A day is approximately the period of time during which the Earth completes one rotation around its axis.[1] A solar day is the length of time which elapses between the Sun reaching its highest point in the sky two consecutive times.[2]

In 1960, the second was redefined in terms of the orbital motion of the Earth in year 1900, and was designated the SI base unit of time. The unit of measurement "day", was redefined as 86,400 SI seconds and symbolized d. In 1967, the second and so the day were redefined by atomic electron transition.[3] A civil day is usually 86,400 seconds, plus or minus a possible leap second in Coordinated Universal Time (UTC), and occasionally plus or minus an hour in those locations that change from or to daylight saving time.[2][1]

Day can be defined as each of the twenty-four-hour periods, reckoned from one midnight to the next, into which a week, month, or year is divided, and corresponding to a rotation of the earth on its axis.[4] However its use depends on its context, for example when people say 'day and night', 'day' will have a different meaning. It will mean the interval of light between two successive nights; the time between sunrise and sunset,[5] in this instance 'day' will mean time of light between one night and the next.[6] However, in order to be clear when using 'day' in that sense, "daytime" should be used to distinguish it from "day" referring to a 24-hour period;[7] this is since daytime usually always means 'the time of the day between sunrise and sunset.[8] The word day may also refer to a day of the week or to a calendar date, as in answer to the question, "On which day?" The life patterns (circadian rhythms) of humans and many other species are related to Earth's solar day and the day-night cycle.

Daytime image of the bay of Naples, Italy


Dagr, the Norse god of the day, rides his horse in this 19th-century painting by Peter Nicolai Arbo.

Apparent and mean solar day

Several definitions of this universal human concept are used according to context, need and convenience. Besides the day of 24 hours (86 400 seconds), the word day is used for several different spans of time based on the rotation of the Earth around its axis. An important one is the solar day, defined as the time it takes for the Sun to return to its culmination point (its highest point in the sky). Because celestial orbits are not perfectly circular, and thus objects travel at different speeds at various positions in their orbit, a solar day is not the same length of time throughout the orbital year. Because the Earth orbits the Sun elliptically as the Earth spins on an inclined axis, this period can be up to 7.9 seconds more than (or less than) 24 hours. In recent decades, the average length of a solar day on Earth has been about 86 400.002 seconds[9] (24.000 000 6 hours) and there are 365.242199074 solar days in one mean tropical year.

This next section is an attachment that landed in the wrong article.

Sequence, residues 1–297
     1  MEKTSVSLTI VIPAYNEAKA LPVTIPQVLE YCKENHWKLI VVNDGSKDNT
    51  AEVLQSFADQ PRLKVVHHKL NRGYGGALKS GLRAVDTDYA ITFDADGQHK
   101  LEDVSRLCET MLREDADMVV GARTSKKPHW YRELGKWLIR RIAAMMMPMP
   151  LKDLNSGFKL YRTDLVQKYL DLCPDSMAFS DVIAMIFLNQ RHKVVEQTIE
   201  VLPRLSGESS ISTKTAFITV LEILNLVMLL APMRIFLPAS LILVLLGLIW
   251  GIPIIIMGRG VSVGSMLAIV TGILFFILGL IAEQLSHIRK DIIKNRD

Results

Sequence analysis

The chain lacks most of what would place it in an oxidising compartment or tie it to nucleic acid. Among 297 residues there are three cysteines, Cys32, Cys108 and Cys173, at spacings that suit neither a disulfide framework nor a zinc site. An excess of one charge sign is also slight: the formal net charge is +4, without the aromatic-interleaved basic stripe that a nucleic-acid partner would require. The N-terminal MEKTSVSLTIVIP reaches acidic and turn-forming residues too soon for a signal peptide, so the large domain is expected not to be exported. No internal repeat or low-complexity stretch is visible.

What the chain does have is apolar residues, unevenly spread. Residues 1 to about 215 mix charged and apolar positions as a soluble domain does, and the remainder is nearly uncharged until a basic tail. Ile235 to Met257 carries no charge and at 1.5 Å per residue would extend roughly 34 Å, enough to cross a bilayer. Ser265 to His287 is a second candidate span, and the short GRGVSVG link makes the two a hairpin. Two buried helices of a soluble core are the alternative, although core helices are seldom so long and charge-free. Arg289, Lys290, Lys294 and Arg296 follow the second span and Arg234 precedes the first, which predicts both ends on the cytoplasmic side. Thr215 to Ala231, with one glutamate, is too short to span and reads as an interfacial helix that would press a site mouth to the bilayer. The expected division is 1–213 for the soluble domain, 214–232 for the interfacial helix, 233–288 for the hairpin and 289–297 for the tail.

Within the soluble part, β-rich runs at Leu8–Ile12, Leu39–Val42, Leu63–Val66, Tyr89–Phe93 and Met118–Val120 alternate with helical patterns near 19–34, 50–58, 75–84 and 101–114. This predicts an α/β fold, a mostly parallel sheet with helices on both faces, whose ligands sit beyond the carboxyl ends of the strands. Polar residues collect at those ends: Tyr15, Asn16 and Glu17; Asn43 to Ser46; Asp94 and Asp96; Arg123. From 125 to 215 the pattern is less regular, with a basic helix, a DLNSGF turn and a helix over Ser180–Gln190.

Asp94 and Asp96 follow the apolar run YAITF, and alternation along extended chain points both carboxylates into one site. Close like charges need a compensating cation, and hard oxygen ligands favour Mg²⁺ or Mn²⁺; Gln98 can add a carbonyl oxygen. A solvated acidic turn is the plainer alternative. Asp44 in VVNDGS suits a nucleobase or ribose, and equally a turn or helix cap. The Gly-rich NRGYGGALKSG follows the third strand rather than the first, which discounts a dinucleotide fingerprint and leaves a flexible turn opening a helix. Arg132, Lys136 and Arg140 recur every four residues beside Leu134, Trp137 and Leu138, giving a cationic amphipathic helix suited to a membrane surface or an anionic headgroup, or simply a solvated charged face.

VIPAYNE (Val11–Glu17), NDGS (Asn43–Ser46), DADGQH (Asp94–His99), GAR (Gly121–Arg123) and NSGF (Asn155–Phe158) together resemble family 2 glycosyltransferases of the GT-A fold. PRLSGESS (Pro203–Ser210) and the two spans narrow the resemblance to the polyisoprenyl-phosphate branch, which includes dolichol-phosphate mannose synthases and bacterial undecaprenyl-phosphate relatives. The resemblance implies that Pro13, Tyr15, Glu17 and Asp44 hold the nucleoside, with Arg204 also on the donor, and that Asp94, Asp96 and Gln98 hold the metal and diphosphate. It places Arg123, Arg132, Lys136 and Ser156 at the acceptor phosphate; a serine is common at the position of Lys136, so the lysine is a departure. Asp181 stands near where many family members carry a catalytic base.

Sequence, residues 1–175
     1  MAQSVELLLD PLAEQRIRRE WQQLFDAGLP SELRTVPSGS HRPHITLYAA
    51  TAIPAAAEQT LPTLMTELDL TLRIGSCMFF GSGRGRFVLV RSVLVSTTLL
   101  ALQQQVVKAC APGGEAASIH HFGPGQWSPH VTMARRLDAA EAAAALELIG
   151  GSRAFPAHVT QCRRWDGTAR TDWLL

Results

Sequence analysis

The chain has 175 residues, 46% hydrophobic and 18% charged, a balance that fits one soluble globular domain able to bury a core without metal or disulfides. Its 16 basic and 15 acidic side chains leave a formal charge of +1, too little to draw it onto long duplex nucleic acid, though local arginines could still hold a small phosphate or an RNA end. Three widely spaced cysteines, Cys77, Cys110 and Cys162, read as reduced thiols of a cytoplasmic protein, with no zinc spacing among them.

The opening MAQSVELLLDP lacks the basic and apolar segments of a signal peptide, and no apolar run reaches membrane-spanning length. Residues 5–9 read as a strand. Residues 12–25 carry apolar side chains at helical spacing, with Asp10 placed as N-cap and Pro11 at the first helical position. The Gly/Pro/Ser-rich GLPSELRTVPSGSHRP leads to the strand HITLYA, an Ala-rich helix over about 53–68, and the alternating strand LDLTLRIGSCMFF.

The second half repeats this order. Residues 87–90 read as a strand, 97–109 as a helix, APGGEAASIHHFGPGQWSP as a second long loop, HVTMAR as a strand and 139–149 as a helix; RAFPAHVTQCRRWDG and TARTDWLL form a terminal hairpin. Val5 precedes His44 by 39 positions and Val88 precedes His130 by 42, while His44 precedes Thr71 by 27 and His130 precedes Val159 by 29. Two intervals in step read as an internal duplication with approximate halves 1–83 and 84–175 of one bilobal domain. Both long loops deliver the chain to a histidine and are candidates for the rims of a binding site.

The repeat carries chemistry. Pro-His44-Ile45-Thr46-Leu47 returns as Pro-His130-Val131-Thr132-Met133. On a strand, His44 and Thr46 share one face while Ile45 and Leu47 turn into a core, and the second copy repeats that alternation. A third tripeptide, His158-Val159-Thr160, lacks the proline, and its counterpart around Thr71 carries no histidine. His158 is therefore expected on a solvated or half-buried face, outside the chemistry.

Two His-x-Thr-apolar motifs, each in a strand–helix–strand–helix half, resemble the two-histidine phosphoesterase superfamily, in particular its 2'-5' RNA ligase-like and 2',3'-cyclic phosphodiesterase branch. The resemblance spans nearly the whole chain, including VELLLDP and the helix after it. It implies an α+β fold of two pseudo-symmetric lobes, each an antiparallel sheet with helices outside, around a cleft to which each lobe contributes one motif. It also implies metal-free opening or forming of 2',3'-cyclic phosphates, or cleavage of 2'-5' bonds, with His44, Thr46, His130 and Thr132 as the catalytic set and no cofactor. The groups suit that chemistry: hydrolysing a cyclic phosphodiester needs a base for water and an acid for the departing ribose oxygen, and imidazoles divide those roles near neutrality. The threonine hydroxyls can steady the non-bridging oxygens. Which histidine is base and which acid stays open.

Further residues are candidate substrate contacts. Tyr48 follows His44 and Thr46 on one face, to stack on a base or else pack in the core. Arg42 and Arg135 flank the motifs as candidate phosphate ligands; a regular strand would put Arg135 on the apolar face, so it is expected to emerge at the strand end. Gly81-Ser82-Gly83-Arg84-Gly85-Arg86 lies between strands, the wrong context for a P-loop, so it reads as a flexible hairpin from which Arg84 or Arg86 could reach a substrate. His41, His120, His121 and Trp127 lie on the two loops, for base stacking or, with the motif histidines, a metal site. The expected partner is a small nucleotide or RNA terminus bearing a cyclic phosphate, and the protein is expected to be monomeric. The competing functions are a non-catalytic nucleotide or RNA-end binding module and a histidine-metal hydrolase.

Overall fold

Ancient custom has a new day start at either the rising or setting of the Sun on the local horizon (Italian reckoning, for example, being 24 hours from sunset, oldstyle).[10] The exact moment of, and the interval between, two sunrises or sunsets depends on the geographical position (longitude as well as latitude), and the time of year (as indicated by ancient hemispherical sundials).

A more constant day can be defined by the Sun passing through the local meridian, which happens at local noon (upper culmination) or midnight (lower culmination). The exact moment is dependent on the geographical longitude, and to a lesser extent on the time of the year. The length of such a day is nearly constant (24 hours ± 30 seconds). This is the time as indicated by modern sundials.

A further improvement defines a fictitious mean Sun that moves with constant speed along the celestial equator; the speed is the same as the average speed of the real Sun, but this removes the variation over a year as the Earth moves along its orbit around the Sun (due to both its velocity and its axial tilt).

Stellar day

A day, understood as the span of time it takes for the Earth to make one entire rotation[11] with respect to the celestial background or a distant star (assumed to be fixed), is called a stellar day. This period of rotation is about 4 minutes less than 24 hours (23 hours 56 minutes and 4.1 seconds) and there are about 366.2422 stellar days in one mean tropical year (one stellar day more than the number of solar days). Other planets and moons have stellar and solar days of different lengths from Earth's.


A day, in the sense of daytime that is distinguished from night time, is commonly defined as the period during which sunlight directly reaches the ground, assuming that there are no local obstacles. The length of daytime averages slightly more than half of the 24-hour day. Two effects make daytime on average longer than nights. The Sun is not a point, but has an apparent size of about 32 minutes of arc. Additionally, the atmosphere refracts sunlight in such a way that some of it reaches the ground even when the Sun is below the horizon by about 34 minutes of arc. So the first light reaches the ground when the centre of the Sun is still below the horizon by about 50 minutes of arc.[12] Thus, daytime is on average around 7 minutes longer than 12 hours.[13]